Patient, surgical, and anesthetic variables may all contribute to perioperative nerve injury. Although needle- or catheter-induced trauma and local anesthetic toxicity have been identified as anesthetic-related risk factors (14), the presence of preexisting neurologic deficits, perioperative positioning, tourniquet ischemia, and surgical traction may also increase the frequency and severity of postoperative nerve dysfunction (8,15–17). Four patients in our series of 405 blocks reported perioperative neurologic complications. In two of the four patients, the etiology of the nerve injury was non-anesthesia related. It is also likely that the late-occurring ulnar and median paresthesias in the third patient were the result of a surgical neuropraxia or continuing inflammatory response (Table 3). Similar results to these were noted by Hebl et al. (15) who reported a transient, subacute worsening of ulnar nerve function after ulnar nerve transposition. Overall, the frequency of neurologic complications may have been underestimated because of the retrospective nature of the study. However, because all patients underwent serial daily neurologic evaluations, it is unlikely that a significant neurologic deficit went undiagnosed.
Importantly, all patients with neurologic deficits had undergone major elbow surgery to restore joint range of motion, including osteocapsular arthroplasty and distraction interposition arthroplasty. Perioperative nerve injury, particularly to the ulnar nerve, occurs in up to 25%–30% of these patients (18,19). Postoperatively, the patients are placed in a CPM device for up to 24 hours a day to maintain joint mobility (1,18). Patients are able to tolerate this aggressive rehabilitation through a multimodal analgesic approach that relies on a functioning axillary catheter. The axillary catheters are placed postoperatively after documentation that the patient’s neurologic status has remained unchanged from the preoperative examination. Clinicians must be aware of the risk of neuropraxia associated with these procedures, and follow the patient’s neurologic function closely in the postoperative period. A balance between the density of the sensory block (patient comfort) and ability to assess neural integrity is imperative.
The efficacy of continuous axillary infusions is demonstrated by those patients of the 305 undergoing major elbow surgery who did not require IV opioid supplementation on the operative day (38%), and on the second postoperative day (50%) (Table 2). However, maintaining this level of analgesia is labor intensive. For example, 31 of the 405 (7.7%) catheters required replacement because of technical problems and/or inadequate analgesia. Presumably, the continuous movement of the upper extremity in the CPM device, as well as during physical therapy, results in catheter displacement.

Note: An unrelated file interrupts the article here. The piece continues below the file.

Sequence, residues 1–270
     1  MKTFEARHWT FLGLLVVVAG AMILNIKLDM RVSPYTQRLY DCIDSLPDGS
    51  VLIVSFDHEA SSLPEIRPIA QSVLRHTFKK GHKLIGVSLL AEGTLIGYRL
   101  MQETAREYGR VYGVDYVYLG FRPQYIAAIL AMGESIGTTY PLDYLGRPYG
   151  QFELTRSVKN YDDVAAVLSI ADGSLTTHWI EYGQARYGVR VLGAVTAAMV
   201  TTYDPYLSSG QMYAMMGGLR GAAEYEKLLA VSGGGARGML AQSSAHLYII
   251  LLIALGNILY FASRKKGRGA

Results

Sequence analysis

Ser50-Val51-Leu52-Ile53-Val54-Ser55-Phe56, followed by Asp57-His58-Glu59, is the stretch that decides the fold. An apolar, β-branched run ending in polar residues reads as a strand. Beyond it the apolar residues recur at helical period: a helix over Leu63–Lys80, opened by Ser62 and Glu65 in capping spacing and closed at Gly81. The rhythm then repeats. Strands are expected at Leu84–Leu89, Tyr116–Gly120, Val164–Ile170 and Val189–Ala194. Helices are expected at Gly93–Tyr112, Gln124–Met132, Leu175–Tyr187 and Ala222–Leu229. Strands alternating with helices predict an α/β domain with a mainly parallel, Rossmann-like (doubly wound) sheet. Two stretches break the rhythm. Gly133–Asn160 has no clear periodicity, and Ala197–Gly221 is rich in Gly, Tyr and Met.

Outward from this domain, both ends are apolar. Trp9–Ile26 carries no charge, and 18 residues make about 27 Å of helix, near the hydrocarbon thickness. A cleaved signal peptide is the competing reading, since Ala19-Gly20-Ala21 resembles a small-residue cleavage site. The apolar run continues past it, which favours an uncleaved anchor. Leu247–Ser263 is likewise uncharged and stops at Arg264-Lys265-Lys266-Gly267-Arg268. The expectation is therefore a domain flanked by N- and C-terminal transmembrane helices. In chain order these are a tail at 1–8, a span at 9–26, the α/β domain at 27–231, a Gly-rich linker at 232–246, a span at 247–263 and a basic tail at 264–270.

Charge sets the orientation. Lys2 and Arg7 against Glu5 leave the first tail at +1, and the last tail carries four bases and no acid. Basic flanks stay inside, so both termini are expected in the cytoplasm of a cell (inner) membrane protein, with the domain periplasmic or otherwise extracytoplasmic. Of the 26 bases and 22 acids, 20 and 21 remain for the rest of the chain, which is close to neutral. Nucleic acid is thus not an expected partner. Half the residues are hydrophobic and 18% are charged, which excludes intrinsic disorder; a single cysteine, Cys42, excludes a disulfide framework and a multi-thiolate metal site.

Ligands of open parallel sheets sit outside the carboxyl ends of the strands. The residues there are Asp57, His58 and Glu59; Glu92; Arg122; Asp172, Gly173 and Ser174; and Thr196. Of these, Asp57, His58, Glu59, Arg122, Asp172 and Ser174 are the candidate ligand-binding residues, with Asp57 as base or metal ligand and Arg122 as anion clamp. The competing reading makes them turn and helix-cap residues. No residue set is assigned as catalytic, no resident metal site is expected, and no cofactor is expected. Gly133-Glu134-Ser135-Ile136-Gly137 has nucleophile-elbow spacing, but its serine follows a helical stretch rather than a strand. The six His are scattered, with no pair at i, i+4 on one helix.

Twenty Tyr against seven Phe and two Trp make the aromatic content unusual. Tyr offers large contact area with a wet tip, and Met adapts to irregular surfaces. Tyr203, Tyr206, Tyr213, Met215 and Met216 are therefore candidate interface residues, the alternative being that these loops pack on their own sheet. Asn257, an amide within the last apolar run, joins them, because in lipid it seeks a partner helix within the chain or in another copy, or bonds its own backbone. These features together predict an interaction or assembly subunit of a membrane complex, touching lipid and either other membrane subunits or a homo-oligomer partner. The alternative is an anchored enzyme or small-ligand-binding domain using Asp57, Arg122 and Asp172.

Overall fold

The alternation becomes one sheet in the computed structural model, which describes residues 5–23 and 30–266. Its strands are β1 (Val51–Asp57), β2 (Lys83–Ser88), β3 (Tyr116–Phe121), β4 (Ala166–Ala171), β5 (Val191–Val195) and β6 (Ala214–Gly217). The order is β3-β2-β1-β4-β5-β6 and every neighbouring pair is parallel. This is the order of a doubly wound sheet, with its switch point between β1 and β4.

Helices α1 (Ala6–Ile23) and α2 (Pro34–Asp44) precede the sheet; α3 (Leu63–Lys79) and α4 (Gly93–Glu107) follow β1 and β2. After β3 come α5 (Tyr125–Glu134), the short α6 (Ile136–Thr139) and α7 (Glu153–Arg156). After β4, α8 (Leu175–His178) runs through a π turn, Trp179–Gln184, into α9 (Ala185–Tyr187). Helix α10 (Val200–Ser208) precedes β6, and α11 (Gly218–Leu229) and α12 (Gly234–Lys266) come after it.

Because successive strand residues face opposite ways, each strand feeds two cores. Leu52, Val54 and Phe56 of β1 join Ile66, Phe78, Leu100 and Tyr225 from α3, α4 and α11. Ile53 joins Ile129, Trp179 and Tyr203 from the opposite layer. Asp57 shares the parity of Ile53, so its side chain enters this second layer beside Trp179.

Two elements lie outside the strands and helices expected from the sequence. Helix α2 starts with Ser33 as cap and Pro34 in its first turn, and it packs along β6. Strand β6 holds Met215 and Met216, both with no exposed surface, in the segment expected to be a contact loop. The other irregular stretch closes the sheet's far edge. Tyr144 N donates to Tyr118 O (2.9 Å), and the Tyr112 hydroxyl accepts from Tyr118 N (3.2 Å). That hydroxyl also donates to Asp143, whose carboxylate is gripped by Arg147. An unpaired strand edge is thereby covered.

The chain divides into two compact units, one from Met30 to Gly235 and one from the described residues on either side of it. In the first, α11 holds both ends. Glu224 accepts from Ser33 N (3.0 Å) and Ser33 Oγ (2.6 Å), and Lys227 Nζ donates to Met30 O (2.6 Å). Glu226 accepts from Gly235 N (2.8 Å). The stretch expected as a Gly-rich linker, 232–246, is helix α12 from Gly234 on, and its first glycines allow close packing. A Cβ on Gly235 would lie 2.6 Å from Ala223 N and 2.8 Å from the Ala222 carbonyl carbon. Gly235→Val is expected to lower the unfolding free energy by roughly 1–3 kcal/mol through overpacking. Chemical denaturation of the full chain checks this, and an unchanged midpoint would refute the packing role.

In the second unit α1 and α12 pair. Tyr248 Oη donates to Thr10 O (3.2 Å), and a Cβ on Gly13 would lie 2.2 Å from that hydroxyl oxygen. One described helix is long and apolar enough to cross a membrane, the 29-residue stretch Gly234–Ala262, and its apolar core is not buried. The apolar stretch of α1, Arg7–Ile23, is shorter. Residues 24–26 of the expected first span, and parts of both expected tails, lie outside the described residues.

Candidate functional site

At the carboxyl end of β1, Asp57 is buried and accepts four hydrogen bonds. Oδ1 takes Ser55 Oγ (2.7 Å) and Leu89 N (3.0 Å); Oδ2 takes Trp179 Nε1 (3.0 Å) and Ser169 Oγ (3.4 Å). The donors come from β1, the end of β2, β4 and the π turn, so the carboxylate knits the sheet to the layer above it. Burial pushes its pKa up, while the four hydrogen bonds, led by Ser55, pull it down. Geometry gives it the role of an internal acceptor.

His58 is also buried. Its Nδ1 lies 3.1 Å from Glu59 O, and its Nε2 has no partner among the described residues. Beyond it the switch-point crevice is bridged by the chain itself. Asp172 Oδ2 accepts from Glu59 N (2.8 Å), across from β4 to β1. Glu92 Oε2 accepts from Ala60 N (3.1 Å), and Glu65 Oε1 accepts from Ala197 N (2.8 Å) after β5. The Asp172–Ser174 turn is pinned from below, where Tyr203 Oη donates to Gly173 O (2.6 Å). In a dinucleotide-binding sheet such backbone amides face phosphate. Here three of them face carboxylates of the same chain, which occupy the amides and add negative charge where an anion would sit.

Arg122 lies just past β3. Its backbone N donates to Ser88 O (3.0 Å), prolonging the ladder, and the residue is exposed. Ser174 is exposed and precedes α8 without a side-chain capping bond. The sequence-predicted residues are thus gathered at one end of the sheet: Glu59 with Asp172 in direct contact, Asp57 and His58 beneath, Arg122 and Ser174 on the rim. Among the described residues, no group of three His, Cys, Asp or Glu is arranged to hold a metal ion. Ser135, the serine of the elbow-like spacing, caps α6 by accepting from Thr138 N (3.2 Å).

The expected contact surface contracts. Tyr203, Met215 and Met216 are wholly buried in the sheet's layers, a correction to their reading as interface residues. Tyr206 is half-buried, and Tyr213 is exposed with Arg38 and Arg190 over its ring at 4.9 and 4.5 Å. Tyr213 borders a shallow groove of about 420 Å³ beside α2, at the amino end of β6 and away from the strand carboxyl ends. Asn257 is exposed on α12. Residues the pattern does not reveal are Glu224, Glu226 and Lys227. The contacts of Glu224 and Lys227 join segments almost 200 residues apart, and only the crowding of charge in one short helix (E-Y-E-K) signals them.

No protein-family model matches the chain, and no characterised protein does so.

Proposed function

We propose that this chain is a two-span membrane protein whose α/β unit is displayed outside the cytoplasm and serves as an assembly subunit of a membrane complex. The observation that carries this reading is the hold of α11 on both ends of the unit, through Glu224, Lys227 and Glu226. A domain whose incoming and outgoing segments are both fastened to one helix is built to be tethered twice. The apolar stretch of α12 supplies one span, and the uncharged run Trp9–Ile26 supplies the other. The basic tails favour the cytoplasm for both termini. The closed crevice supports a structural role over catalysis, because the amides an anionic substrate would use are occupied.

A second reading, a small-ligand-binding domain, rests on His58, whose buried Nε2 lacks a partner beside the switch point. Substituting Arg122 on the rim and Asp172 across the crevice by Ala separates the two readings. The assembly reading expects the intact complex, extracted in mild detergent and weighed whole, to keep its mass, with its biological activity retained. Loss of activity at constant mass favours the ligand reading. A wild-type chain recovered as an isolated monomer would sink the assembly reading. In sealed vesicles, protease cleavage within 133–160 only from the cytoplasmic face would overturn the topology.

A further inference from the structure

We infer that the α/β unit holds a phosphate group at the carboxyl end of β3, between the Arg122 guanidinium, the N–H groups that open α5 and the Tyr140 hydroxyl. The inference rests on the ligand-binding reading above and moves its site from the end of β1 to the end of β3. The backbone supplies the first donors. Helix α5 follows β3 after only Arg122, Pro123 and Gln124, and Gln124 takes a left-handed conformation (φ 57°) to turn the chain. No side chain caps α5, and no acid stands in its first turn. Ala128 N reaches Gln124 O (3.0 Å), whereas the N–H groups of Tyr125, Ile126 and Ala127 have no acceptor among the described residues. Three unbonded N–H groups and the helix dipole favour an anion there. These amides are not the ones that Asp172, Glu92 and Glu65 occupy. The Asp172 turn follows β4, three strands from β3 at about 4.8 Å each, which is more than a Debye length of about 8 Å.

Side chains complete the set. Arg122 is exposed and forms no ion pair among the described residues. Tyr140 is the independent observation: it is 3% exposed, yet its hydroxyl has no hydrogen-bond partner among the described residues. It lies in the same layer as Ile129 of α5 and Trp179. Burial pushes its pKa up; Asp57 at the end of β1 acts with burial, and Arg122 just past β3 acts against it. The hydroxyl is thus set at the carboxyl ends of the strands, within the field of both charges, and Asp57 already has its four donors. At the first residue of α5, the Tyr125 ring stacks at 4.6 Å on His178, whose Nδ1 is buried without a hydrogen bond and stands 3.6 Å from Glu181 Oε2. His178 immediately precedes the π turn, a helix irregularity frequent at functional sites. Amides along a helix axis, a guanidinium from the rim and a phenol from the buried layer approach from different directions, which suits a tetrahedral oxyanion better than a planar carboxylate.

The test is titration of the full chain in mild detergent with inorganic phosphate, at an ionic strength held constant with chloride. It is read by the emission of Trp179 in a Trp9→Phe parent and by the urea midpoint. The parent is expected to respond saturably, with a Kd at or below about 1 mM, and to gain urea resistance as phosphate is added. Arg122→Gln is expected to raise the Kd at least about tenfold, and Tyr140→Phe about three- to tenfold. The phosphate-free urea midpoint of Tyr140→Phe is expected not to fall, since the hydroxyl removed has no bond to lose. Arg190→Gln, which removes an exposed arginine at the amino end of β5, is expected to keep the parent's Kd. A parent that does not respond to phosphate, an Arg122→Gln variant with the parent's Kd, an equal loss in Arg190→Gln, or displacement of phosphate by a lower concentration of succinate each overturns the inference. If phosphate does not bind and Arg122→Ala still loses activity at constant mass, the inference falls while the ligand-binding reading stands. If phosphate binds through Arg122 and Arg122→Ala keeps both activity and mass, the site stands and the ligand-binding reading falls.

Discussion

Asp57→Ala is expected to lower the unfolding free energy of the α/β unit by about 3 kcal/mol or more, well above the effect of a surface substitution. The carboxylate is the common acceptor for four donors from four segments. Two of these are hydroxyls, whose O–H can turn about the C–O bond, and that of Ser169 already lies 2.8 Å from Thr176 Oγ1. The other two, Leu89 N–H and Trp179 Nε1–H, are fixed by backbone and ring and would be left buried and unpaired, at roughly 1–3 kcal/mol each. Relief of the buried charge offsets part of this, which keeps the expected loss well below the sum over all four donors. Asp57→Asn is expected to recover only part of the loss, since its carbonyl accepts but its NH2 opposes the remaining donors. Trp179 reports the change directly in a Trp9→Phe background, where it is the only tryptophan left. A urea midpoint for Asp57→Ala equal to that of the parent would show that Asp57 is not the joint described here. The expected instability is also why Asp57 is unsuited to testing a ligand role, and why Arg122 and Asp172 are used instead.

In addition to four neuropraxias, our series noted five additional complications related to axillary catheter placement. There were two patients who reported preseizure signs and symptoms of local anesthetic toxicity with neither progressing to overt seizure activity or cardiac dysrhythmias. In 1 patient, 0.25% bupivacaine had been infused at a rate of 12 mL/h for 5 days. Scant data are available to determine the maximum local anesthetic dose over time administered with indwelling peripheral nerve catheters. Previous studies have evaluated infusion intervals of 24–48 hours (5,20). However, the overall frequency of systemic symptoms may be increased compared with that of single-dose axillary blocks. Brown et al. (21) reported 8 seizures after 6620 axillary blocks, for a seizure rate of 1.2/1000 procedures. Additional data are needed to allow the safe management of long-term catheters and extended local anesthetic infusions.
Our series also included a superficial axillary infection in a nonsurgical patient that was treated with antibiotics and catheter removal. The patient was being treated for reflex sympathetic dystrophy, and did not receive the usual two days of antibiotic therapy that is commonly administered to surgical patients. Interestingly, the risk of systemic or local infection at the catheter site seems to be extremely small in postoperative patients despite positive catheter tip cultures in up to 27% of patients (22). At present, there are no definitive recommendations regarding continuous catheter use and routine antibiotic prophylaxis. Finally, there was one patient with a retained catheter fragment. No description of the catheter’s integrity, such as “catheter removed—tip intact,” was noted at the time of catheter removal. Obviously, meticulous technique and clear documentation are critical to identify catheter breakage at the time of removal so that appropriate management and surveillance may be initiated.
In summary, the frequency of neurologic complications associated with continuous axillary catheter placement seems to be similar to that of single-dose techniques. However, the presence of an indwelling catheter and extended local anesthetic infusions may increase the risk of infection and/or systemic toxicity. As continuous peripheral nerve blocks expand in their popularity and application, large prospective studies will be necessary to determine the overall risks, benefits, and optimal management of these valuable regional techniques.